OK, so maybe it’s not so sneaky. Maybe it’s right in front of your nose and the nose of all the people at Yahoo! front page who should be proofreading before publishing:
This might be a decent article from Yahoo! Style — if it weren’t for the errors. The writer could make the age decent with a couple of hyphens: 20-year-old. (Omitting a hyphen from an age is one of the top three hyphen errors you’ll see on Yahoo!.) The paragraph might be decent if the writer appreciated the difference between decent and descent — and if the writer told us how polite the subject is:
It must be hard for some people to keep information in their heads. Some people can write a paragraph and just can’t remember what they wrote minutes later. Take this excerpt from Yahoo! Style:
We can’t expect a writer to remember that there’s no hyphen in nonprofit. Nor that there’s no “the Barbados.” Nor that amongst is considered a pretentious variation of among to American ears. But she might remember that she wrote about a foundation created in honor of Rihanna’s grandmother.
Dang! If you hadn’t told us this, I would have believed that the foundation was in honor of her grandmother:
See? She forgot what she wrote in the preceding paragraph. That’s maybe too much info for anyone to recall.
Perhaps next time she pounds out an article for which she is paid real money to write, she’ll remember that a peak is a top and a peek is a quick look:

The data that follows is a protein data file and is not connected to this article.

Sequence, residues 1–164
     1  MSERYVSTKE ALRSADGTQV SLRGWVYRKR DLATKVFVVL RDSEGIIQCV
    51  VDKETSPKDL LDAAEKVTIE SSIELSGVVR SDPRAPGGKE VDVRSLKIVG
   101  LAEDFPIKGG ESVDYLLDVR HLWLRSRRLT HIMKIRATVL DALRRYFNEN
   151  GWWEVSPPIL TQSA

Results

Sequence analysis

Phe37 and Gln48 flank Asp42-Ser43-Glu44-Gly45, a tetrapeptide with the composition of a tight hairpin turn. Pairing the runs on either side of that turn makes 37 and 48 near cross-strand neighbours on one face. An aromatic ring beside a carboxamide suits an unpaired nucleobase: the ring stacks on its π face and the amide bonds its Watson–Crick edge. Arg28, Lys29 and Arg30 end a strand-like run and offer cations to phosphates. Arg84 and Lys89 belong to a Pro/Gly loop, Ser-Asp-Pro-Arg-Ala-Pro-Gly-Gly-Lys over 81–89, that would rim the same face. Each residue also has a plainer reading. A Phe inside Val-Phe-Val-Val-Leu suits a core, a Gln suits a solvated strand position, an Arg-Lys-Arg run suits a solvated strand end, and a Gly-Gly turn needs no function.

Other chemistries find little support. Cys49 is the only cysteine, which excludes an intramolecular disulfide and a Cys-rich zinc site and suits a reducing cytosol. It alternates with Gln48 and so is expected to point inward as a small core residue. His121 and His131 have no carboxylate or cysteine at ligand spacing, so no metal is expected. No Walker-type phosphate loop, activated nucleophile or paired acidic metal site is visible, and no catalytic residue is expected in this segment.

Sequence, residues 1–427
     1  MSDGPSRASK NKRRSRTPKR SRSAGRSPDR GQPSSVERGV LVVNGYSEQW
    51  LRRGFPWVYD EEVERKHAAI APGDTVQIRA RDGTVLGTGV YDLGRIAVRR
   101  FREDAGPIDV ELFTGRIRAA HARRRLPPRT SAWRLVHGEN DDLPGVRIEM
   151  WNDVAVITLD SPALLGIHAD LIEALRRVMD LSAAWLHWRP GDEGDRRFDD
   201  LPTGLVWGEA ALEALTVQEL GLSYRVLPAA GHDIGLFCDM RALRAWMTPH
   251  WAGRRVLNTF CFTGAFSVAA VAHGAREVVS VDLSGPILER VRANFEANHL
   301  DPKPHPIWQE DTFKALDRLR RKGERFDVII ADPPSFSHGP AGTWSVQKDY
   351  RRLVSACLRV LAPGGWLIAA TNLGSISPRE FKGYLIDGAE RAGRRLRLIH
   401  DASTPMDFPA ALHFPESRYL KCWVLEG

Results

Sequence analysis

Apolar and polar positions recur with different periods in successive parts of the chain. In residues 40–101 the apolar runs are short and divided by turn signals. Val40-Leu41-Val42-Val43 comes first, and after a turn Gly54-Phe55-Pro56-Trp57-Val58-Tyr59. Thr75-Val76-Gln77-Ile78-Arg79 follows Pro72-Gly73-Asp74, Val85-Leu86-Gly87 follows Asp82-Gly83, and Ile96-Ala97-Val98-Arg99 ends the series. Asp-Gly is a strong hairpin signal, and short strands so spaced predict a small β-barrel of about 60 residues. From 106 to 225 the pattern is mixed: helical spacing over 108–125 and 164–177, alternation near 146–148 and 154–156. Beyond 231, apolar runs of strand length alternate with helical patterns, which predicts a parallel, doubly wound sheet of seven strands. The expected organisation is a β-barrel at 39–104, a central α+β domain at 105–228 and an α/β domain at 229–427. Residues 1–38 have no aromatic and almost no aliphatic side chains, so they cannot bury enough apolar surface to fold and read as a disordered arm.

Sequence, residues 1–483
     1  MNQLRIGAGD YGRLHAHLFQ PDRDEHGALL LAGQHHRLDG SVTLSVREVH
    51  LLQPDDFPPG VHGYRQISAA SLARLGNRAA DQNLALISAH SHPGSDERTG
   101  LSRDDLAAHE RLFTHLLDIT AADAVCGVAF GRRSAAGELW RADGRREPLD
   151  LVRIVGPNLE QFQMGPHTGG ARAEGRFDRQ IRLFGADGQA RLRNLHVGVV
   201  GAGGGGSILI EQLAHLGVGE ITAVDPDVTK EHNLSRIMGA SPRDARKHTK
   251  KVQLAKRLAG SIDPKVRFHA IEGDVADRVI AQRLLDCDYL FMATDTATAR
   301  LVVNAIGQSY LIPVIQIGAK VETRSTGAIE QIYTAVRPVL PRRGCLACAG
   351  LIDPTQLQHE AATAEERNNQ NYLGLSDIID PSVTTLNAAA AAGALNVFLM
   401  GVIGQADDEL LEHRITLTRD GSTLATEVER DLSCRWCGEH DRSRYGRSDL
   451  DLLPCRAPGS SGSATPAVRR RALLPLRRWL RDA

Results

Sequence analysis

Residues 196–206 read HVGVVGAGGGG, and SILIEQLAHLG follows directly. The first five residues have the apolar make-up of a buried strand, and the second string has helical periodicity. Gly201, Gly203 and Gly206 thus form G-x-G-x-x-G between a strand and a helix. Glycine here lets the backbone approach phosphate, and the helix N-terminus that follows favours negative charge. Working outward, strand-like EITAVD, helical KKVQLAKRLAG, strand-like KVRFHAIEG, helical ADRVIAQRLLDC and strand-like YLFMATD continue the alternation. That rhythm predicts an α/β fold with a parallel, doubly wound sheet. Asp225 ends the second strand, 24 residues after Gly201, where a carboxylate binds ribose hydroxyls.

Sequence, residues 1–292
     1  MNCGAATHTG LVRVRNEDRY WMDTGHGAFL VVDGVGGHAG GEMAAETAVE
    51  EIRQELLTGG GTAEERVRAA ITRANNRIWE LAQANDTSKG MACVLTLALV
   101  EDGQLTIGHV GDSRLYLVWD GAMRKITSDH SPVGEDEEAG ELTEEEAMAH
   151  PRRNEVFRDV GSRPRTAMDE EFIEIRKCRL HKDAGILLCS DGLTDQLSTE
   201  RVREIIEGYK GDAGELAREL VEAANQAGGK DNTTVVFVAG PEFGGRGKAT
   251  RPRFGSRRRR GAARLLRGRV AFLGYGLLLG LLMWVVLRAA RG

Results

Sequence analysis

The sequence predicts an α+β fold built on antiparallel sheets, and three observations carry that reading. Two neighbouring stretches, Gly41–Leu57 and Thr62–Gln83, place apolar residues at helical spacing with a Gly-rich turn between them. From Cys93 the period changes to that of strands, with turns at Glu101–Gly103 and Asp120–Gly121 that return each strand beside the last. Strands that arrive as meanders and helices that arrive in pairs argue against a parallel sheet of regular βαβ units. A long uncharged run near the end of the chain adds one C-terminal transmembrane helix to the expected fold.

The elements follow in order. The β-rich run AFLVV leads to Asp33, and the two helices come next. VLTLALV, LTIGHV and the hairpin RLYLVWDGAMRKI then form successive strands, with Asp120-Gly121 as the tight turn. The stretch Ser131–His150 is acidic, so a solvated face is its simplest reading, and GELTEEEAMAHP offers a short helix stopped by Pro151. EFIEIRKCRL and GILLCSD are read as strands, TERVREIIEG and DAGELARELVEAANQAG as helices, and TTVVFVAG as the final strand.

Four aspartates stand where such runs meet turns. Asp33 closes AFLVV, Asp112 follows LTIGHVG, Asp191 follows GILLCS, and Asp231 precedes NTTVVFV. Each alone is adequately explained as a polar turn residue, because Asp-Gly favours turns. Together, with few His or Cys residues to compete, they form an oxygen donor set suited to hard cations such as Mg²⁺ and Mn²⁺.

Not to knock Yahoo! Style, but I think the quality of its content would be greatly improved if it were written by people actually familiar with English:
Maybe if they employed college graduates familiar with common idioms and with using Google to check the spelling of characters (like, say, Maleficent), the writing wouldn’t be so amateurish. And if their writers knew that one of five “women” is actually a one-year-old baby, another is a doll, and another is a Lego figure, the word choices might be also be a bit more accurate.
I guess I really was knocking Yahoo! Style.
If this was meant to honor Stevie Nicks and I were the singer, I’d say “no thanks, Yahoo! Style.”
I’m not impressed by a writer who doesn’t know how to hyphenate 66-year-old. Who doesn’t care about repeated words. And who is too lazy to look up the actual name of Ms. Nicks’ song. (It’s “Rhiannon.”) Apparently the writer thinks flapper and goth are worthy of capital letters, but honor isn’t worth a spell-check.
This is not an honor. It’s an insult to the subject and to the readers.